Posts Tagged With: book review

Sarah J. Maas – A Court of Wings and Ruin [3]

acowarUsed to be I disliked series. Now I love series! Because who wouldn’t love that odd sense you get after you finish one, where you don’t know what to do with your life anymore. Everyone’s living their lives, as if you hadn’t just survived a wizard war or, in this case, a fae war. Yes, I have finished “A Court of Wings and Ruin” by Sarah J. Maas (acotar 3; ISBN 1408857901; 699p.; Goodreads), the last one in acotar series or trilogy. And while they’re not as great as, say, Shades of Magic by V.E. Schwab, they’re still pretty damn amazing.

 

The Wall between humans and fae was never meant as permanent solution. It was made to cease fire, to give time for healing, to learn co-exist. Yet humans have short lives, and horror tales of fairies got worse, and worse with every new generation. While fae lived long enough to have seen humans freed, and witness this day with wall about to crumble. And not all who did feel that it is right to co-exist with great-great-great-great-grandchildren of their former slaves. The war is inevitable. All there is to do now is prepare.

Cauldron once created this whole world, so how does one stand against a weapon able to create the cycle of life and death itself? Fayra and Rhysand are trying to gather allies, rally everyone they possibly can. They’re seeking any advantage points in this overtipped scale, and if that means unleashing Death Gods themselves, Fayra is willing to make a bargain again. Bargain she was warned against while she was still mortal. And with worse beings than fae…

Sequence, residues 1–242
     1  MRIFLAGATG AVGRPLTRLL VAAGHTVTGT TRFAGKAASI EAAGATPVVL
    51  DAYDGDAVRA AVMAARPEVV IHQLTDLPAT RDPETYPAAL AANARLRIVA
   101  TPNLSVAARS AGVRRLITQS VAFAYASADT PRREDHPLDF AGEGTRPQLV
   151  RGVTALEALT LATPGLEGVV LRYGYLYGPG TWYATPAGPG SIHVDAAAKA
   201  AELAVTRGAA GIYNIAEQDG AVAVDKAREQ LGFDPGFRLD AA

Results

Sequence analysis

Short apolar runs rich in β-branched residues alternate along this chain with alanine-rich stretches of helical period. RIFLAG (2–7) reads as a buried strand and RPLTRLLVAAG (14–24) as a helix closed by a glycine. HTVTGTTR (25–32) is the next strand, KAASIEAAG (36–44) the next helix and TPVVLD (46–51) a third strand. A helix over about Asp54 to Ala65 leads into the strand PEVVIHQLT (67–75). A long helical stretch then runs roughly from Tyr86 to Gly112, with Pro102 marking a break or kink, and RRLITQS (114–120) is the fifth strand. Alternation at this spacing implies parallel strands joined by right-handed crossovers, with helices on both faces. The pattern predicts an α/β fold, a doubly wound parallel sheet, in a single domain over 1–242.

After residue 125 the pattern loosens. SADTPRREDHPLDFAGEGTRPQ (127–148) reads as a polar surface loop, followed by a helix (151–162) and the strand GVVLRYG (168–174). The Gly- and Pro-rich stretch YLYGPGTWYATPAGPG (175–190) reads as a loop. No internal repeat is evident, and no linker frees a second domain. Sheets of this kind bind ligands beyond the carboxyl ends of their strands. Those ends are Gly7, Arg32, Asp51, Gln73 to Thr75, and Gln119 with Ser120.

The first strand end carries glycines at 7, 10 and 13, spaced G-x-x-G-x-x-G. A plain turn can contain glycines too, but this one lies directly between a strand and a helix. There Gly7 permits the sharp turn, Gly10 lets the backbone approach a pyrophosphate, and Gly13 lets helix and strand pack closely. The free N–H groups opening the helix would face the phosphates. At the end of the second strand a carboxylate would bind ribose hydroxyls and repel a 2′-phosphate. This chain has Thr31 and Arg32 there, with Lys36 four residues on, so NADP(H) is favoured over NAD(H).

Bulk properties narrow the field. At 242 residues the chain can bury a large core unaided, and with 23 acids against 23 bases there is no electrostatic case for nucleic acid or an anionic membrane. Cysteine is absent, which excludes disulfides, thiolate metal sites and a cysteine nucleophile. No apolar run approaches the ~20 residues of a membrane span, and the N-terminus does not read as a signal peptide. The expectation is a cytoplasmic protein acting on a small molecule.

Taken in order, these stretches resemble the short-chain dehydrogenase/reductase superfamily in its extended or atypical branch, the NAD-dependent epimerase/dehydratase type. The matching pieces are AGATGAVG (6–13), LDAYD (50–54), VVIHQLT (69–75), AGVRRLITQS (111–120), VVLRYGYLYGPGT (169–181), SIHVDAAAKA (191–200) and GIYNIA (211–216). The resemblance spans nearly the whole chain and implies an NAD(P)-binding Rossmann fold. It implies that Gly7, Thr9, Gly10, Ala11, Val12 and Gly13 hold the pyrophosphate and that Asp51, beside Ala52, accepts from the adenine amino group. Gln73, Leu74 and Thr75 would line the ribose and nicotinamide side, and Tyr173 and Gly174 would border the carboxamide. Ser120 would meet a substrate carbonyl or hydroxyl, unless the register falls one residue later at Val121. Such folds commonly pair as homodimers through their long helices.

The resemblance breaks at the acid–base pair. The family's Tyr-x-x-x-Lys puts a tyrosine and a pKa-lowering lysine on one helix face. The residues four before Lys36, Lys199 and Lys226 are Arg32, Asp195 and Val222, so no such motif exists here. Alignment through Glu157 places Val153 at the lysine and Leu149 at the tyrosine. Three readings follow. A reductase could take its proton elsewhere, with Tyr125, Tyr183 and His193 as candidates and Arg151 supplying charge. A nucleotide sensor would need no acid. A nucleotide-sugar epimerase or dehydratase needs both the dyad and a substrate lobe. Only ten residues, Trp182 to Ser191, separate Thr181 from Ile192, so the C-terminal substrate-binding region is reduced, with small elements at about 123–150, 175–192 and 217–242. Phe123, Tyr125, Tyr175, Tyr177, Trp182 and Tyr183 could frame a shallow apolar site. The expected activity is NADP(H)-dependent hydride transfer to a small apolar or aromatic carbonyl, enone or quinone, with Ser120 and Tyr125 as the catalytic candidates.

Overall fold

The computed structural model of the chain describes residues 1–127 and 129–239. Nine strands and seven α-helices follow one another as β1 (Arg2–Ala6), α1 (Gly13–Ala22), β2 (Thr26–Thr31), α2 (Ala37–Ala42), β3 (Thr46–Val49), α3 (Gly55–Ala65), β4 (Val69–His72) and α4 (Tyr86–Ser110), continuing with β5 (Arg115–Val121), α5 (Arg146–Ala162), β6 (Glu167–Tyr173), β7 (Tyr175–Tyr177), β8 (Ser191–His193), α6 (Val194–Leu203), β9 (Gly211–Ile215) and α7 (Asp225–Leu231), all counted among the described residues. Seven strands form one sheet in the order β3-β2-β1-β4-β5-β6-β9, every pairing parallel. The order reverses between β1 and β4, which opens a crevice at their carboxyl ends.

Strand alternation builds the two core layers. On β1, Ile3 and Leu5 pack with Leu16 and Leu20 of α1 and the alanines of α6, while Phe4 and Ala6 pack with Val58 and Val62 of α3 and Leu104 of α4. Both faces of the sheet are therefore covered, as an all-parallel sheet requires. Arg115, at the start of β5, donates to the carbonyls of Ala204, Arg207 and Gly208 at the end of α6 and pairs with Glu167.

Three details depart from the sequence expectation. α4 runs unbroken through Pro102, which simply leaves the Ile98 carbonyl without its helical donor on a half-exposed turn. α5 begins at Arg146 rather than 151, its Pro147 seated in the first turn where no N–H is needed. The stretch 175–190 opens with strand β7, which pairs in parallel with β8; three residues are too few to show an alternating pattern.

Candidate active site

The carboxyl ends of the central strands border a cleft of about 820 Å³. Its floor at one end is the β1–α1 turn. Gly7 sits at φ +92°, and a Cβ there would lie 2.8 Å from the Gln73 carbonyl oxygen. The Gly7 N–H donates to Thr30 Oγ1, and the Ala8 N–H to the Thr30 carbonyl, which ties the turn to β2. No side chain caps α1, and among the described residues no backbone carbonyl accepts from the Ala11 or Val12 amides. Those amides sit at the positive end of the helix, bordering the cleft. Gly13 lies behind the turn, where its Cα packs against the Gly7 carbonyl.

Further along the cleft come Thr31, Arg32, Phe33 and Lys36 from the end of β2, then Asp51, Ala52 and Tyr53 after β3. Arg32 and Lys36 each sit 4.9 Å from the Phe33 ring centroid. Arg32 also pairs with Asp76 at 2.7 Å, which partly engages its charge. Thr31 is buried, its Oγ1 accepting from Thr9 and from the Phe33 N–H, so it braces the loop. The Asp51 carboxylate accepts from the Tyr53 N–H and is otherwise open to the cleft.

Rhysand, on the other hand, has his own little (or not so little) problem. How does one convince the world that this mighty High Lord of the Night Court to whom Court of Nightmares bows, wants to protect, and defend, rather than wreck havoc? How does he gain trust once the mask falls, and who will dare to stand with him? Especially with Tamlin running amok, with a tale of betrayal in his court, by no else than Fayra, his mate.

And Lucien? Lucien, like a stray kicked cat is testing the waters with caution. Being left courtless, which is pretty much homeless, twice in his life now, he fits into the Court of Dreams by his nature of an unwanted oddity alone. But can Rhys, this mortal enemy of Tamlin’s, his friend’s nemesis, really be trusted to not just give him up to his family, where he’d surely be killed? He’s willing to try his luck, if carefully, at the very least, for his mate, who now lives under Rhysand’s wings.

So, the book. Whole inner monologues of “how and why I feel” almost ceased to exist. And once you start believing that pace of the book is too slow – someone drops a brick on the heroes heads. Or an army.  There’s funny, there’s witty, there’s edge-of-the-chair intense. So I give it 5 out of 5, for now the story truly earned it.

Categories: 5-5, Books, Books of Supernaturals, Fantasy Books, High Fantasy | Tags: , , , , , , , , , , , , , , , , | Leave a comment

Sarah J. Maas – A Court of Thorns and Roses [1]